Many factors determine the health of your heart and blood vessels, especially a balanced diet low in fat and high in fiber. Sometimes we don't eat the foods that give us the nutrients we need to support optimal cardiovascular health. These nutrients include the lipotropic factors choline and inositol, and the B-vitamins.
Lipotropic factors help keep lipids (fats) emulsified in blood, so they may be mobilized and utilized throughout the body where needed. B-vitamins help assure proper metabolism of homocysteine, a natural metabolic by-product that can damage arteries if it accumulates. GNLD NeoLife leading-edge vitamin supplement Lipotropic Adjunct™ provides nutrients shown to play essential roles in supporting the health of the circulatory system.
The Homocysteine Story:
In 1966, Dr. Kilmer S. McCully made the initial observation that linked high blood levels of homocysteine to diseases of the blood vessels. Remarkably consistent findings from more than 20 research studies indicate that patients who have had strokes, heart attacks, or other forms of cardiovascular disease tend to have higher homocysteine levels than people without disease.(1)
In Harvard's Physicians Health Study, men whose homocysteine levels were in the highest 5% had triple the risk of having a heart attack compared to those with lower levels.(2)
In a group of elderly Framingham Heart Study participants, narrowing of carotid arteries was twice as prevalent in those with the highest homocysteine levels compared to those with the lowest, after adjustment for sex, age, cholesterol, blood pressure, and smoking.(3) The lower the folate and vitamin B6 levels, the greater the prevalence of narrowed arteries.
Benefits of GNLD's Lipotropic Adjunct™:
Lipotropic factors, choline and inositol, help keep lipids (fats) emulsified in the bloodstream and help reduce the buildup of unwanted fat in the liver. Folic acid, B6 and B12 promote proper metabolism of homocysteine, which supports a healthy antioxidant response to LDL cholesterol, free flowing circulation and overall arterial wall health. ***
Concentrated formula of lipotropic factors provides nutritional assistance in the mobilization and utilization of dietary fats. ***
GNLD NeoLife Lipotropic Adjunct™ vitamin supplement's complete formula includes choline, inositol, betaine, folic acid, and vitamins B6 and B12; all are nutrients which support the body's own synthesis of lipotropic factors and are key elements for the proper metabolism and elimination of homocysteine, a potent oxidant. ***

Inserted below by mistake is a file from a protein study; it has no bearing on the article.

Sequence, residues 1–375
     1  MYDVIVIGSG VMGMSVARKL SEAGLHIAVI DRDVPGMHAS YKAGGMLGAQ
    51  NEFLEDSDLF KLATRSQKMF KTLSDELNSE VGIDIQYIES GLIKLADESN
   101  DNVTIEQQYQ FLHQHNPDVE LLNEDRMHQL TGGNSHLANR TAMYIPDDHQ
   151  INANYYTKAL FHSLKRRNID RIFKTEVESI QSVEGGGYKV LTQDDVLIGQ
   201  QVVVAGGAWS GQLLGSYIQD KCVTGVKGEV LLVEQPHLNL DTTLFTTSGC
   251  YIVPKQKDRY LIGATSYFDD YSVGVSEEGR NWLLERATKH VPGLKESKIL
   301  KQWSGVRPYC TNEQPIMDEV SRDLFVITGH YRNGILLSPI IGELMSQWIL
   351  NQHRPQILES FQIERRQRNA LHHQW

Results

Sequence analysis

Enhanced vitamin B12 digestion and bioavailability is provided by natural betaine. ***
GNLD NeoLife Lipotropic Adjunct™ vitamin supplement supports proper capillary function, important for carrying blood lipids throughout body tissues, is provided by citrus bioflavonoids and hesperidin from grapefruit. ***
What is the difference between GNLD's B-Complex and Lipotropic Adjunct™?
GNLD's Vitamin B-Complex contains some of the same elements as Lipotropic Adjunct™. However, Lipotropic Adjunct™, even at the lowest suggested dosage of two tablets daily, contains additional vitamin B12, choline, and betaine HCl to better support the homocysteine cycle. At the higher suggested dosage of four tablets daily, Lipotropic Adjunct™ contains substantial additional support for lipid mobilization and homocysteine metabolism. The nutrient levels in Lipotropic Adjunct™ are consistent with the majority of research on the homocysteine cycle and were specifically chosen to be sufficient to prevent homocysteine accumulation. Our Lipotropic Adjunct™ is targeted directly at homocysteine and heart health, while the B vitamins found in our Vitamin B-Complex address a broader application within the body, filling a far more general range of needs.
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(1) Ueland, P.M., Refsum, H. and Brattstrîm, L. Plasma Homocysteine and Cardiovascular Disease. In: Francis, R.B., Jr., ed. Atherosclerotic Cardiovascular Disease, Hemostasis, and Endothelial Function. New York: Marcel Dekker, 183–236, 1992.
(2) Stampfer, M.J., Malinow, M.R., Willett, W.C., et al. A Prospective Study of Plasma Homocyst(e)ine and Risk of Myocardial Infarction in U.S. Physicians. JAMA 268:877–881, 1992.
(3) Selhub, J., Jacques, P.F., Bostom, A.G., D’Agostino, R.B., Wilson, P.W.F., Belanger, A.J., O'Leary, D.H., Wolf, P.A., Schaefer, E.J. and Rosenberg, I.H. Association Between Plasma Homocysteine Concentrations and Extracranial Carotid-artery
Stenosis. New Engl. J. Med. 332:286–291, 1995.